Single 'ancestor' language theorized
Auckland, New Zealand (UPI) Apr 14, 2011
Modern languages, all 6,000 or so, may have all descended from a single ancestral language spoken in Africa more than 50,000 years ago, a study says.
Study author Quentin Atkinson of the University of Auckland in New Zealand says the first migrating populations leaving Africa laid the groundwork for all the world's cultures by taking their single language with them, The Wall Street Journal reported Thursday.
"It was the catalyst that spurred the human expansion that we all are a product of," he said.
Atkinson based his research on phonemes, distinct kinds of sounds such as vowels, consonants and tones, combining that with a concept borrowed from population genetics known as "the founder effect."
That concept holds that when a very small number of individuals break off from a larger population, there is a gradual loss of variation and complexity in the breakaway group.
If a similar effect could be discerned in phonemes, Atkinson thought, it would lend credence to the theory that modern verbal communication originated in Africa and only then expanded elsewhere.
Atkinson analyzed 504 world languages and discovered that, on average, languages with the most phonemes are spoken in Africa, while those with the fewest phonemes are spoken in South America and on tropical islands in the Pacific.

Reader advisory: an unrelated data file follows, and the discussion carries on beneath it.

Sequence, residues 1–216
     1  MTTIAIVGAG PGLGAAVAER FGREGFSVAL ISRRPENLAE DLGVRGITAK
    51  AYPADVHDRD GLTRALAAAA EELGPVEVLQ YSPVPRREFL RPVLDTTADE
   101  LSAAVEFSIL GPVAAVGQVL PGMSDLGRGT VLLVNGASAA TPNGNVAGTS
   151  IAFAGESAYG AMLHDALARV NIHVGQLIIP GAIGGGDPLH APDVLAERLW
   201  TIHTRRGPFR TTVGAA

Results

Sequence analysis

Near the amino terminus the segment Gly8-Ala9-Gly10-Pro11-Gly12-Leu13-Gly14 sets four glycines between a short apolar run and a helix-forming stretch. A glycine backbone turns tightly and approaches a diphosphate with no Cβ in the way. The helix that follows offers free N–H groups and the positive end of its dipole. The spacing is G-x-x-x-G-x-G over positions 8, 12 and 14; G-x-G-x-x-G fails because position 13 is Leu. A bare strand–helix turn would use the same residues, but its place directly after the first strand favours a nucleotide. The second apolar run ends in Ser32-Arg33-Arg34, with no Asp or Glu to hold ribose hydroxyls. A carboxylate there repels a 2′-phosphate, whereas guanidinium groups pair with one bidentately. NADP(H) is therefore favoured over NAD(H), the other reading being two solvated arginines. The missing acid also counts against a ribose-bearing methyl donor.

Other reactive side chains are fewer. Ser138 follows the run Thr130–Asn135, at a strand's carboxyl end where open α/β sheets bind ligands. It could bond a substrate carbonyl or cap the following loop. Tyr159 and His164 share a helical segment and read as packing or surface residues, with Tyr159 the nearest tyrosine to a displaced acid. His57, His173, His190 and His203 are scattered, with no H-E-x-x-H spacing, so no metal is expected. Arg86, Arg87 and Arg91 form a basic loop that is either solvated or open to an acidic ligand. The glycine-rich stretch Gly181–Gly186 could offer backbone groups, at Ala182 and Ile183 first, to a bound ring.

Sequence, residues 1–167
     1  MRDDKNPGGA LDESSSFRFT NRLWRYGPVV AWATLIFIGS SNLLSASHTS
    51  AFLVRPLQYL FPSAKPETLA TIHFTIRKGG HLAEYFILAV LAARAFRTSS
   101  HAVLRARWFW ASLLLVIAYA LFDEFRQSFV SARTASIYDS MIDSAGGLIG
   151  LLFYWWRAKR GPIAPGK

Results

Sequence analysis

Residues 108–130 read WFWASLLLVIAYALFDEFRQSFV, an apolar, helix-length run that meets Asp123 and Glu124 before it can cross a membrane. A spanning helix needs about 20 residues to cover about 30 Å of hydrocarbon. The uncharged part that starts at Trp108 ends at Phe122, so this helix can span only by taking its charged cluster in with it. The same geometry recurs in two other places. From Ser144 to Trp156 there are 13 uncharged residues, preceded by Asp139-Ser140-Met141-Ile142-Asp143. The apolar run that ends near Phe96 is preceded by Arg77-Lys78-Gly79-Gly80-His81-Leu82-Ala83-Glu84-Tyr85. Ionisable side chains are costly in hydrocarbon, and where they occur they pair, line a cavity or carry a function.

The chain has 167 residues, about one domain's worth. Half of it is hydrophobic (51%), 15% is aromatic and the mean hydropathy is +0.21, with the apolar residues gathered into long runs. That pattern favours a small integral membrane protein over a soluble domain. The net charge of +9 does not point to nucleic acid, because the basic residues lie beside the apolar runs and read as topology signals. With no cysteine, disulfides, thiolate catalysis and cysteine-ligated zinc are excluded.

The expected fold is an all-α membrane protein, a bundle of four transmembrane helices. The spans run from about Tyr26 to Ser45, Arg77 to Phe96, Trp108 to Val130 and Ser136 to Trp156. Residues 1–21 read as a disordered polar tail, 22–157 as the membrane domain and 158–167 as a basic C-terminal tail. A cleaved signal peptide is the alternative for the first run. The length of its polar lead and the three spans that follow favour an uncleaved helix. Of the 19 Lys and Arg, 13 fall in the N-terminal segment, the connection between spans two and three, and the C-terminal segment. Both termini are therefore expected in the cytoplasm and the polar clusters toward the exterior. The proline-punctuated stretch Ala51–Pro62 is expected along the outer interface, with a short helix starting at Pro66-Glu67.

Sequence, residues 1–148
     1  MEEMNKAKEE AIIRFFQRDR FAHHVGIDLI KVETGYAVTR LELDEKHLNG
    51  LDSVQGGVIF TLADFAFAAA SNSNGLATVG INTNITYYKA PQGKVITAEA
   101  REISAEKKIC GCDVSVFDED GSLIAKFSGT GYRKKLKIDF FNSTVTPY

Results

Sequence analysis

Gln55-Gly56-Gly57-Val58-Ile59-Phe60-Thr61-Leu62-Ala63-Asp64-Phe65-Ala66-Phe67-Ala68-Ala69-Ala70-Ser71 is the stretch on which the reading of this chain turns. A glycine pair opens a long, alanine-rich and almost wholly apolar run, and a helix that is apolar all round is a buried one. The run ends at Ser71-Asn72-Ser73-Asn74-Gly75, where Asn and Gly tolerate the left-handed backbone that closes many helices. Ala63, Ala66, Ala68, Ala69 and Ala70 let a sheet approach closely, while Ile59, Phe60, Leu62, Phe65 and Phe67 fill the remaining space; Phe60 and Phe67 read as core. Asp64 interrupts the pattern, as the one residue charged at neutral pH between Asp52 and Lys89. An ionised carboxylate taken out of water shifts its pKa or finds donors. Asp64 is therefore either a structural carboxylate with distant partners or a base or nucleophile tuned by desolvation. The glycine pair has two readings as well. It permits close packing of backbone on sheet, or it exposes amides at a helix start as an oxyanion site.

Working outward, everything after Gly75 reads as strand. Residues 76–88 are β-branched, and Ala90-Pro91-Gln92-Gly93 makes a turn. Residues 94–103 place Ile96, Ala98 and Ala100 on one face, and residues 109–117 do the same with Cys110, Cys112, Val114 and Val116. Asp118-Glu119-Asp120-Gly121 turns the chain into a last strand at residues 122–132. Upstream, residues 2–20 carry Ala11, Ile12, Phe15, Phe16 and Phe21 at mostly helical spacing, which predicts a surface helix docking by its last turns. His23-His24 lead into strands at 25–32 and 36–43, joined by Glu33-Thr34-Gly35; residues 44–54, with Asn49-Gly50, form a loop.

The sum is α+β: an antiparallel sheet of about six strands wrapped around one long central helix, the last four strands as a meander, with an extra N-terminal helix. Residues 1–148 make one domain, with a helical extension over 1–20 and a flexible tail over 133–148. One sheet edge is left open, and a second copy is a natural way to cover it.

The findings are consistent with the prevailing "out of Africa" view of the origin of modern human, with recent genetic evidence suggesting modern humans emerged in Africa alone, about 200,000 years ago.
Then about 50,000 to 70,000 years ago, the evidence says, a small number of them migrated and colonized the rest of the world, becoming the ancestors of all non-African populations on the planet.
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All About Human Beings and How We Got To Be Here
Bonn, Germany (SPX) Apr 14, 2011
The expectations people have about how others will behave play a large role in determining whether people cooperate with each other or not. And moreover that very first expectation, or impression, is hard to change. "This is particularly true when the impression is a negative one," says Michael Kurschilgen from the Max Planck Institute for Research on Collective Goods in Bonn, summarising ... read more
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